The 1863 Earthquake near Hawke’s Bay

Nearly 90 years after the first earthquake was reported by a European in New Zealand, the residents of Hawke’s Bay experienced their first officially recorded major earthquake on this day in 1863.

The earthquake occurred about 60-odd km from the town of Napier, being centred near Waipawa in southern Hawke’s Bay. The quake is estimated to have been about magnitude 7.0 and caused numerous landslides. Residents also reported soil liquefaction and the opening of fissures in the ground.

The shake startled people out of their beds shortly after 1 a.m. on Monday 23rd February 1863, as it swept crockery from shelves, overturned furniture and snapped chimneys, according to The Hawke’s Bay Herald. There was considerable damage to stock in stores and hotels and although some chimney bricks fell through rooves, no major injuries were reported. Aftershocks continued at short intervals for the rest of the morning.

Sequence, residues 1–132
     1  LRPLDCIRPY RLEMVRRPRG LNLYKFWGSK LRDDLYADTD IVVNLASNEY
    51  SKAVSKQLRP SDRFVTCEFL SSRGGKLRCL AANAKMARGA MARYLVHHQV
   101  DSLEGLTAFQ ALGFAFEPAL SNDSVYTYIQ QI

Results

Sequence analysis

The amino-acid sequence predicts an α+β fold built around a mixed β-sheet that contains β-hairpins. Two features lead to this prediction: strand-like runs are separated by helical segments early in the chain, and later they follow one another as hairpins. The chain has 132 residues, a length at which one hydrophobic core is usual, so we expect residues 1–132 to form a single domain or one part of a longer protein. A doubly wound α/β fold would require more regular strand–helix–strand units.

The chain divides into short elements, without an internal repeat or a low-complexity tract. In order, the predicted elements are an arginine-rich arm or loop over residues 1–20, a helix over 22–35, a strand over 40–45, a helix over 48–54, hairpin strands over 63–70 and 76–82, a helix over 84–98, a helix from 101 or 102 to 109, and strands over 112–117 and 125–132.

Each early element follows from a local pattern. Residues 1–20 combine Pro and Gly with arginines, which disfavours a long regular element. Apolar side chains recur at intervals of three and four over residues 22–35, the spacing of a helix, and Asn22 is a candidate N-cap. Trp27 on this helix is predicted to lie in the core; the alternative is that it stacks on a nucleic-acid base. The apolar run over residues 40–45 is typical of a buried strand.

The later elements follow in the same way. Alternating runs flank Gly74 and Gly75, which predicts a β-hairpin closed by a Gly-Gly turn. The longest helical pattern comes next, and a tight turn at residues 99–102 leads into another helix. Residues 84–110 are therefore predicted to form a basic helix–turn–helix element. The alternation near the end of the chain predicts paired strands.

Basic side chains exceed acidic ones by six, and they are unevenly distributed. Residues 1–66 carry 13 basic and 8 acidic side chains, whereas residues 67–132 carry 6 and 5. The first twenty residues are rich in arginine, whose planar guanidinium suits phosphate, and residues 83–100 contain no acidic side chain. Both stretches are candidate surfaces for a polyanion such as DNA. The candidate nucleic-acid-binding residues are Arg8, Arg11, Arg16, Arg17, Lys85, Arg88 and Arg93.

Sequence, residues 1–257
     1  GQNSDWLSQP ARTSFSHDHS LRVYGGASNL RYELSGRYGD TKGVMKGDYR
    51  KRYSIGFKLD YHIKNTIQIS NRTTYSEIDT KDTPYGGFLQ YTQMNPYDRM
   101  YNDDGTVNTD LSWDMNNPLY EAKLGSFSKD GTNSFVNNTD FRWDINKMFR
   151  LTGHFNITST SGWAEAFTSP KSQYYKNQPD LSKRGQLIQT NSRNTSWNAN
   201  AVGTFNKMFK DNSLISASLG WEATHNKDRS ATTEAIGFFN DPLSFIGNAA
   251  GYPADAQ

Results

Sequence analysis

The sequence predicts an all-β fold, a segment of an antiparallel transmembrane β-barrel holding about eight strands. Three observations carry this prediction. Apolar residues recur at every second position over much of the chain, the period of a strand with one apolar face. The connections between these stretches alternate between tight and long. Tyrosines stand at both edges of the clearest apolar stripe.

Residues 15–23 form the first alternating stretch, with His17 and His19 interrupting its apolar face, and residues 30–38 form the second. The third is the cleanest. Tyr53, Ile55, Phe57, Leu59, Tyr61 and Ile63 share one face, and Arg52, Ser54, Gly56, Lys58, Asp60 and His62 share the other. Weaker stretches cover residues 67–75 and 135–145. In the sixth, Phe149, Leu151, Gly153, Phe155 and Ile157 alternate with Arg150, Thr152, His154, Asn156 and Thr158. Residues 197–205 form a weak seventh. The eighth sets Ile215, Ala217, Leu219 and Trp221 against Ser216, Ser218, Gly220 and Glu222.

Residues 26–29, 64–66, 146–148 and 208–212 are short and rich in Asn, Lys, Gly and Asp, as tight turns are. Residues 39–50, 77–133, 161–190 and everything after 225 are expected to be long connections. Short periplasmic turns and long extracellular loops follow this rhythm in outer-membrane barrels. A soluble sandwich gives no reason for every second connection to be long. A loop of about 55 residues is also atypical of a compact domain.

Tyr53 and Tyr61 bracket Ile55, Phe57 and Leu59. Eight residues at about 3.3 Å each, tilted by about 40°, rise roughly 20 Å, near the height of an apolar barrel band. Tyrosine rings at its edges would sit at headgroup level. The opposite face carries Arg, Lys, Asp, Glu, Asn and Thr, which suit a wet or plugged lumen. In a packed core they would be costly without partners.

Further afield from Hawkes Bay, some houses were shaken from their piles, and the quake woke many Wellingtonians as it rattled crockery and fittings in their houses. The Wellington Independent noted that the initial earthquake at a quarter past one in the morning lasted 30 to 40 seconds and was followed by several smaller tremors.

In Wanganui, the event was described as the sharpest shock in both duration and severity since the magnitude 8.1 Wairarapa earthquake was felt there in 1855. However, no damage was sustained.

In Nelson the earthquake was felt as three sharp shocks in quick succession at about 1:20 a.m.

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